Valentino Rossi in the fifth row with the 14th time, the last Yamaha rider - and that satellite, Fabio Quartararo, in pole - makes you think.In fact, if we erase from our minds that the Phenomenon has been racing continuously since 1996, exactly 23 years, we could think of the return of a great champion after a few sabbatical years. We've had illustrious examples of this in the past, although not in motorcycling. Just think of Schumacher, a champion who's the caliber of Vale. But ours has never stopped, even if his last victory, right here in Assen dates back 734 days ago, on June 25th, 2017.
After his farewell to Ferrari at the end of 2006, Schumi's return in 2010 with Mercedes, 7 world titles in F1 - like Rossi's 7 in MotoGP - was not lucky. In the three years that followed, he managed to get on the podium only once in the European GP of 2012.
Rossi, on the other hand, got on the podium in 2017, victory included, six times: 5 in 2018 and two this year. You can't say that he's rusty, but he might have lost that "magic touch ". Then, of course, he makes all his experience worth it but, in practice, where even a thousandths of a second counts, he has no difficulty in admitting "of losing a few tenths here and there, compared to Vinales, in every corner."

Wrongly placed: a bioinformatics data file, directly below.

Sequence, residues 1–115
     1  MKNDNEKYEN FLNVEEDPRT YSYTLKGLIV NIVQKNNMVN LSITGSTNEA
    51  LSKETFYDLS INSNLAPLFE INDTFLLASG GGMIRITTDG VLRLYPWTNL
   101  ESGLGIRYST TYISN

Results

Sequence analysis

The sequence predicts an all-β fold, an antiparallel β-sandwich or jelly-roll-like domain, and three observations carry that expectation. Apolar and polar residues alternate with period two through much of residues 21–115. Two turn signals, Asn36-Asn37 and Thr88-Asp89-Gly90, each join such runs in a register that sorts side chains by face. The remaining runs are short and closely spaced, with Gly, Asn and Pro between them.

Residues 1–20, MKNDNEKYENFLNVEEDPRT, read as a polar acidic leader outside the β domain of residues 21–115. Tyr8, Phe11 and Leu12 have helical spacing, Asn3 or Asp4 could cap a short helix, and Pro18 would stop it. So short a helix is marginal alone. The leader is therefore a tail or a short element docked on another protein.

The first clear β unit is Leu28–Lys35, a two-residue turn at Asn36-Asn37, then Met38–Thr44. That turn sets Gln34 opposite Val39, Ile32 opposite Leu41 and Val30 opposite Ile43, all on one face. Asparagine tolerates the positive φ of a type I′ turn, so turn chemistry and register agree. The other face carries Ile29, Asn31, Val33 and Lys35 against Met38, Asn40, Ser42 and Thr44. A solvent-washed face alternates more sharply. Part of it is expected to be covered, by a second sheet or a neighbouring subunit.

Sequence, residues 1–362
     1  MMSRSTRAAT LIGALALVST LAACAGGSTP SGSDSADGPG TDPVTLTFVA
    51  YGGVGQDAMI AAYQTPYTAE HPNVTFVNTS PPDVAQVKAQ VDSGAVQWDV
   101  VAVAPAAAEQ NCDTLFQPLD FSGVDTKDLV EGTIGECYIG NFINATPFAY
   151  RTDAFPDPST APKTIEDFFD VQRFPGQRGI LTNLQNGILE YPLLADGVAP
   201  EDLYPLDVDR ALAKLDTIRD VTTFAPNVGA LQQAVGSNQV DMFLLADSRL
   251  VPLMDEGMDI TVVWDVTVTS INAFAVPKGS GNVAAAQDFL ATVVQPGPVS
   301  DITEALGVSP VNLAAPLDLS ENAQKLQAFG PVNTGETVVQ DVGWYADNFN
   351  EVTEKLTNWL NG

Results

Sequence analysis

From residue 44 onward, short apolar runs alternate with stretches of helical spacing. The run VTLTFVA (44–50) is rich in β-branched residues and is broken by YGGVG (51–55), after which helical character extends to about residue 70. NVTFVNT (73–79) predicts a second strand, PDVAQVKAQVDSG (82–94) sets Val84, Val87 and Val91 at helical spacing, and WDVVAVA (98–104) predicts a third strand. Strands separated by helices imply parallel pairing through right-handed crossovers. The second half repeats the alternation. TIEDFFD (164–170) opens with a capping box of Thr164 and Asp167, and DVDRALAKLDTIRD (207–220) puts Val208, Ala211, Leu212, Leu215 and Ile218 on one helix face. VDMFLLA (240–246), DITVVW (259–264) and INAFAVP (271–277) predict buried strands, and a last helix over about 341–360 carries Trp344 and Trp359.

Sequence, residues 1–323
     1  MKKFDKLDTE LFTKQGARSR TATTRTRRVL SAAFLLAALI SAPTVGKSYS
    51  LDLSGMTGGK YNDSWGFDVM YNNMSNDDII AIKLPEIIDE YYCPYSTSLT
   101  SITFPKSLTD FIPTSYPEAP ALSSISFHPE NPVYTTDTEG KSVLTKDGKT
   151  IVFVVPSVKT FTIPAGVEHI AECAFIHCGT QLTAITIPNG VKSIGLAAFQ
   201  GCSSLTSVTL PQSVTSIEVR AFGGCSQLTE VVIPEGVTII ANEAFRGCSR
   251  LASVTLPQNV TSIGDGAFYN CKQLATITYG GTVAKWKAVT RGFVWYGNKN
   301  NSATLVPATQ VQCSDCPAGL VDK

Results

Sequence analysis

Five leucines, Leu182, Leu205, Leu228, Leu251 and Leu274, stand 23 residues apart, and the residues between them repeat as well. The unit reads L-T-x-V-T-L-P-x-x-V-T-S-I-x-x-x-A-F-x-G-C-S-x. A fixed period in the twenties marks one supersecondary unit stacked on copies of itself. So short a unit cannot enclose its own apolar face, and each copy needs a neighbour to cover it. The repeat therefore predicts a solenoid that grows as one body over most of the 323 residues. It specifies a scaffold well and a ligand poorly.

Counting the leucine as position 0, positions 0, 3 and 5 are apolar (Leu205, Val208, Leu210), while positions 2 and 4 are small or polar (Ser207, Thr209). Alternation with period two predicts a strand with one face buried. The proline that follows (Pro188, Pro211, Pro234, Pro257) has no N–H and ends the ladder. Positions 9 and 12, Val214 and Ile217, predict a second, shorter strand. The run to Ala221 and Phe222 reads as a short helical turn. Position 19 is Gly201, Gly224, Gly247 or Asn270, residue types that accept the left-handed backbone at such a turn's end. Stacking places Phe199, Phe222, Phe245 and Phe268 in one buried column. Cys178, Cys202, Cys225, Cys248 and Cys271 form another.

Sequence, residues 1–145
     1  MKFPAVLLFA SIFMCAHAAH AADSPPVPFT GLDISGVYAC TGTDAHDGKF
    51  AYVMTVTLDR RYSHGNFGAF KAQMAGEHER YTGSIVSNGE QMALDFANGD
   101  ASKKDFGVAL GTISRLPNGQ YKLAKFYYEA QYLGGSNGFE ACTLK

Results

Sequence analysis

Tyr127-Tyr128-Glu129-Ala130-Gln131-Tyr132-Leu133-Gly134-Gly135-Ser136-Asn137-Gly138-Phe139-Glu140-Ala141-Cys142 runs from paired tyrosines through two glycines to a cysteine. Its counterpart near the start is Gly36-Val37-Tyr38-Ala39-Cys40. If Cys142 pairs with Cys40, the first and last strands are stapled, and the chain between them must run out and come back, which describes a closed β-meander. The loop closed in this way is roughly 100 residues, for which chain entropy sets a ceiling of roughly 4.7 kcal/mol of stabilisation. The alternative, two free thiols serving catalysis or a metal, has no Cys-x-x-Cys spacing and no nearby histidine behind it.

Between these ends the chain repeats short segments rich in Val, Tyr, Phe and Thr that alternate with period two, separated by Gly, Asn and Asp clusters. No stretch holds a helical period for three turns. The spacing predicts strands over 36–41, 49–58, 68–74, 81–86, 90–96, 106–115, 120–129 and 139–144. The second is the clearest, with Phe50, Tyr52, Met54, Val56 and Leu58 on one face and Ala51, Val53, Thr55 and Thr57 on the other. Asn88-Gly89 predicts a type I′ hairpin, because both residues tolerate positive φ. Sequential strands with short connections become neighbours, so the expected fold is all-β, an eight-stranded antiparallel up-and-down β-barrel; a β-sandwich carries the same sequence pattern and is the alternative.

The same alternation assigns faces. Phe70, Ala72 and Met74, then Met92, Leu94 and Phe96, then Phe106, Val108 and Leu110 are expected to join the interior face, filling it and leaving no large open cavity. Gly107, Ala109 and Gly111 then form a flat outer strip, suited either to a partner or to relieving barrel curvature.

Without knowing why. And this is the focal point of the question. Because if there is no doubt that Ducati and Honda, on average, are more competitive than the Yamaha, it's also indisputable that the younger Quartararo, Vinales and even Morbidelli, in qualifying, manage to get something more out of it than Valentino does.
It's no surprise, after all. With age we become more analytical. We prefer to go into detail to try to get the results with less effort. Actually, this is a two-step process. The first, when you're still relatively young, you optimize your commitment with the experience received, therefore, even managing to improve. In the second phase, however, one simply tries to gain ground within the folds of the performance.
Some results can still arrive during this period, but at the price of a great effort and, in most cases, the champion acknowledges that his time has expired. From then on, every moment is good to announce your retirement.
Honestly, however, we don't think that Valentino is already in the terminal phase of his career, although it's true that the arrival of young riders capable of going strong with his own bike could stress him.
More than anything else, Yamaha is bearing the greatest pressure because it's difficult to resist the sirens of youth. An old love never dies but, if it does, it's replaced by a young love almost all the time.
That's how life is. That's how sports are. Youth represents an irresistible attraction.
The front row of the Dutch Grand Prix, Quartararo-Vinales-Rins, is the youngest in the history of the premier class. The average age is just 22 years and 274 days.